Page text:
Highland Quartet

3473 Poplar Avenue,
Memphis, TN 38111

Unfavorite 1 person favorited this theater

Help us make this street view more accurate

Please adjust the view until the theater is clearly visible. more info

Highland Quartet

Viewing: Photo | Street View

The Quartet is a vintage 1970’s cinema reeling art and foreign films at discount prices. The four cinemas are of equal size with side isles affording a great view from any seat.

The Highland Quartet closed in around 2006.

Contributed by JackCoursey

Recent comments (view all 8 comments)

Will Dunklin
Will Dunklin on February 2, 2006 at 5:20 am

If I’m not mistaken, the Quartet was the first purpose built multi-plex in Memphis. It is an interesting design, occupying the middle of a large square 2-story shopping center. There is no marquee and hardly any indication that a theatre exists in the building. The box office doesn’t even face the street. Inside the Quartet is very plain (a Malco trademark) draped walls with a waterfall curtain over the screen.

The Quartet was built across the street from – and to compete with -the very handsome “Mamie-Eisenhower-Modern” Plaza theatre (q.v.).

JackCoursey
JackCoursey on March 1, 2006 at 12:43 pm

It appears that the Quartet has gone dark. Here are a few parting shots of the cinema.

Backseater
Backseater on February 4, 2007 at 8:07 am

The Quartet opened while I was in the AF, 1967-72. I went there pretty regularly while at SW for post-BS courses (make of that what you will…) 73-74 and later at MSU which was only a few blocks down Highland Street. The building also held a huge liquor store, a Mexican restaurant, a video arcade, some other small retail stores, and on the second level some offices. The theater had no marquee, just a few poster cases beside the doors.
I’d list some of the movies I saw there but that would be tedious. I do remember that when “Young Frankenstein” played in 1974 or 75, the auditorium was literally packed to the walls. Sorry to hear it’s closed.

gspragin
gspragin on July 23, 2007 at 3:49 pm

The first movie I saw there was “Patton” with George C. Scott.

Will Dunklin
Will Dunklin on August 22, 2008 at 3:50 am

The Quartet’s floor plan was pretty conventional except for one small oddity. Of the conventional parts the lobby was long, narrow and two stories tall. The four auditoria were on the right as you entered. Important as it is in any theatre, I don’t remember the candy counter at all. At the very end of the lobby was a small pair of restrooms. Here’s the odd part: there was public stairway at the far end of the lobby. Turns out there were additional public restrooms on the upper level – up there with the projection booths. There were no balconies in the Quartet. Of course, in many old movie palaces the restrooms were down a level, but I don’t think I ever saw another theater where they were up a level.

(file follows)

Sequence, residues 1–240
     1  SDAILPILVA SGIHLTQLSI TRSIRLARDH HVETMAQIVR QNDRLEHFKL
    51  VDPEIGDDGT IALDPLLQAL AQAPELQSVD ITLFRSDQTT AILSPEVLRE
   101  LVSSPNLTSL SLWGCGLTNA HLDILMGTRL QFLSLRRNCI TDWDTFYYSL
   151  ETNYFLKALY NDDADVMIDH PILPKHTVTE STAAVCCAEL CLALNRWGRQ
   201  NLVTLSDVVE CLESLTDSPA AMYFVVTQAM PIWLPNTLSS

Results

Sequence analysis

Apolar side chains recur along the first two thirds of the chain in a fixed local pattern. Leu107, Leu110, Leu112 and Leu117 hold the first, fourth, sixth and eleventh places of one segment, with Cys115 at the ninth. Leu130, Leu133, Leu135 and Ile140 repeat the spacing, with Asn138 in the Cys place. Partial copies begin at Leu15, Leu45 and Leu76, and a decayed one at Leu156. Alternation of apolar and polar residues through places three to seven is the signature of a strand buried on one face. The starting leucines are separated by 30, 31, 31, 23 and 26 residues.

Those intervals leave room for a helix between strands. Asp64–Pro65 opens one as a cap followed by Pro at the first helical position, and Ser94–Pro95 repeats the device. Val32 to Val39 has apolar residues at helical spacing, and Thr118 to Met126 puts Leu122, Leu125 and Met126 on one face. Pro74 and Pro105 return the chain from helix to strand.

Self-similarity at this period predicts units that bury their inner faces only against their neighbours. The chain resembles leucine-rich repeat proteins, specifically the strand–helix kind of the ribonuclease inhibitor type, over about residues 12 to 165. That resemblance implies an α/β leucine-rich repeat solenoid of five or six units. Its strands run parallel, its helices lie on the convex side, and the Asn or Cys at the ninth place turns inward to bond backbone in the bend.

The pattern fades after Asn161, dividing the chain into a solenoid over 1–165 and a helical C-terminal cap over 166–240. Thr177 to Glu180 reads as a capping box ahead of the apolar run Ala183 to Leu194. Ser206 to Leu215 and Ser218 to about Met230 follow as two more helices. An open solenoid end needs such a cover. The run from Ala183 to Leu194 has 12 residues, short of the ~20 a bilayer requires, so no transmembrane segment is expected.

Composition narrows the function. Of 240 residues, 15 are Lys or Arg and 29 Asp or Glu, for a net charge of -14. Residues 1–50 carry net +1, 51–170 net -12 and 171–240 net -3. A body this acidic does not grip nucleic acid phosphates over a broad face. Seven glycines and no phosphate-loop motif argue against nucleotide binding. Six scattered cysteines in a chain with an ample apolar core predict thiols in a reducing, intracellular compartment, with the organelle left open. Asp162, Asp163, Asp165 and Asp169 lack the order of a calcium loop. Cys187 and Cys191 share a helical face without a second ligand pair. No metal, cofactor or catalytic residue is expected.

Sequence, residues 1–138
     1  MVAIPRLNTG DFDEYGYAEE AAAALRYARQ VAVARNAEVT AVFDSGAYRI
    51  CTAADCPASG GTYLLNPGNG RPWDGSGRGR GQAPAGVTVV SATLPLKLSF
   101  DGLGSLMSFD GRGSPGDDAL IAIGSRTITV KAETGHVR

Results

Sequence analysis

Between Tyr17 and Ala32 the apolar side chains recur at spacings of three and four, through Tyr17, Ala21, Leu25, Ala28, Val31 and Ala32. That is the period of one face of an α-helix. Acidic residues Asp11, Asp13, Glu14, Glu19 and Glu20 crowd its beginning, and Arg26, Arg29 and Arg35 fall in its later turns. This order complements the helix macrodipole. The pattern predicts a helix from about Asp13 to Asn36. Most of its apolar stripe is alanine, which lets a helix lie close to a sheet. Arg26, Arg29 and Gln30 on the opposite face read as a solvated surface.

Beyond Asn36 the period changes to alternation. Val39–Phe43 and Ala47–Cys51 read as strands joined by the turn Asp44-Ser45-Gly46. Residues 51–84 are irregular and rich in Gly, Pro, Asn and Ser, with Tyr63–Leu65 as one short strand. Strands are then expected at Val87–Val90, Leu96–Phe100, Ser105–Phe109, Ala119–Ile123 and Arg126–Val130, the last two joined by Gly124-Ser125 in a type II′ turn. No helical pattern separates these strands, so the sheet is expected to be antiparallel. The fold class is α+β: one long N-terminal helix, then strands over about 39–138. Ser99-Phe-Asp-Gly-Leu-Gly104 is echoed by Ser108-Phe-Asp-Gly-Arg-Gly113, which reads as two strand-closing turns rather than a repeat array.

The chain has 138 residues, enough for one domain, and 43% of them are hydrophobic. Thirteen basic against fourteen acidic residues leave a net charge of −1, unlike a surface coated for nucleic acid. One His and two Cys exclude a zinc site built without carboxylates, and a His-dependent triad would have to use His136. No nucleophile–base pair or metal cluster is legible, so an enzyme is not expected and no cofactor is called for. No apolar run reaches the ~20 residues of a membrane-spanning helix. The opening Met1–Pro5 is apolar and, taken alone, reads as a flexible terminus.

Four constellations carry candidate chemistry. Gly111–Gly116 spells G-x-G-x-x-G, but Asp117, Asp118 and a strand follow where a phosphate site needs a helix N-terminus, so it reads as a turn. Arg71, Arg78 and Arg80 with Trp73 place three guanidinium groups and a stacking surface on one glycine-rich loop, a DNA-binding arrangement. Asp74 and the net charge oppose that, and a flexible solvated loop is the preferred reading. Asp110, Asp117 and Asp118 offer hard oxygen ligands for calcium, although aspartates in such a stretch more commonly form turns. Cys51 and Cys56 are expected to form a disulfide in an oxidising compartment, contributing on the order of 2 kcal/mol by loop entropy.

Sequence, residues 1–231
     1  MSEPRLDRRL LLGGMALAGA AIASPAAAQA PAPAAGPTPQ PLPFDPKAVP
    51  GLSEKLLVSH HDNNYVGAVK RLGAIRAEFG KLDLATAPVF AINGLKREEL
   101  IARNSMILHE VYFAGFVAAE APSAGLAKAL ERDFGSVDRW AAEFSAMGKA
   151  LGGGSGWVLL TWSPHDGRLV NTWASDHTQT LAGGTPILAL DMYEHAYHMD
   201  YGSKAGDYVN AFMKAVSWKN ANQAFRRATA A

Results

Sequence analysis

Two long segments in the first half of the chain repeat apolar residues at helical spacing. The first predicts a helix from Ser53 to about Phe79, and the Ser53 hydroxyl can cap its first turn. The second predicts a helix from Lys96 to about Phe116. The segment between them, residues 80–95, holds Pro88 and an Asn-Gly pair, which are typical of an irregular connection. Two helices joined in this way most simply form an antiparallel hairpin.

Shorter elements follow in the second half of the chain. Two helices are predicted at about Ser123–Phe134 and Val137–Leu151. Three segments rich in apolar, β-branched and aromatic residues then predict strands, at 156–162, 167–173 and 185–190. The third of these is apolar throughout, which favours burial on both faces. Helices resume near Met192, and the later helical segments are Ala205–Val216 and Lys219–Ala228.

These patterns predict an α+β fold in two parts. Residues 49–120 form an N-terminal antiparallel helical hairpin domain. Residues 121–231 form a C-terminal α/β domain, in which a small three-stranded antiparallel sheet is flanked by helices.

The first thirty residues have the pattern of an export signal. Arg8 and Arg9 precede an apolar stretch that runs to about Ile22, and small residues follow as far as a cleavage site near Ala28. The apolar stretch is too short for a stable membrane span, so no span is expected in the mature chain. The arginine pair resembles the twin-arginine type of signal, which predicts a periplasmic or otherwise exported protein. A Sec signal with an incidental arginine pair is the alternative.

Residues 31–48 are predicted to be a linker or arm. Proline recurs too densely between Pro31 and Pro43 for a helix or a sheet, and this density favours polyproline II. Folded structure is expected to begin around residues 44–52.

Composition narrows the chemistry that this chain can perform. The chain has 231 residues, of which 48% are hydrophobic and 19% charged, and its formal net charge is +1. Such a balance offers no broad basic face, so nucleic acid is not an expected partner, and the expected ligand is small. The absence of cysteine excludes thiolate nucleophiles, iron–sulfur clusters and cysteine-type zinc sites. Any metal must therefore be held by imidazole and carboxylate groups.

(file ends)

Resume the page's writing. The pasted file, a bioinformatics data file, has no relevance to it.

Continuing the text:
vastor
vastor on August 12, 2011 at 10:28 am

People who remember the Hollywood Stars collage at the Ridgeway Four do not remember its predecessor which was the focal point of the Quartet. It was removed many years ago the first time Malco tried to retire the cinema (U of M students kept it open for a while).

obitguy
obitguy on January 31, 2012 at 6:09 pm

My buddy Jeremy and I went to the last show at the Quartet. We saw “Munich.” The manager let us snag the poster. Got Cybill Shepherd’s autograph at the concession stand when she was in town promoting “The Last Picture Show.” Used my fake ID to get into dozens of R-rated movies back in the 70s including “Magnum Force” and “The Summer of 42.” Went to a Billy Graham matinee movie with the 9th grade of Grace St. Lukes. A number of us snuck into “Deliverance.” Since “Deliverance” started about 20 minutes after “A Time to Run” we took turns peeking out into the lobby to see if the other movie was over. I had the bad luck to stick my head out just as the principle Mr. Scoggins was standing there. He told me to get whoever else was in the theater and get on the bus. He never said a word about it too us, or told our parents. I always liked him for that. I have fond memories of seeing dozens and dzens of movies at the Quartet.

vastor
vastor on November 20, 2012 at 10:24 am

Responding to Chuck, yes there was a Highland Cinema. It was a later name for the Studio Theatre. It had many names—Newman, Normal, Studio, Movie House (on Highland), Highland Cinema. The proof of this is in a photo at American Classic Images dating from the 1980s. It is now the concert hall for Newby’s bar next door. It still exists but isn’t lovely. It never was elaborate in my recollection but it had an interesting 1960s “art house” lobby when it was the Studio.

You must login before making a comment.

New Comment

Subscribe Want to be emailed when a new comment is posted about this theater?
Just login to your account and subscribe to this theater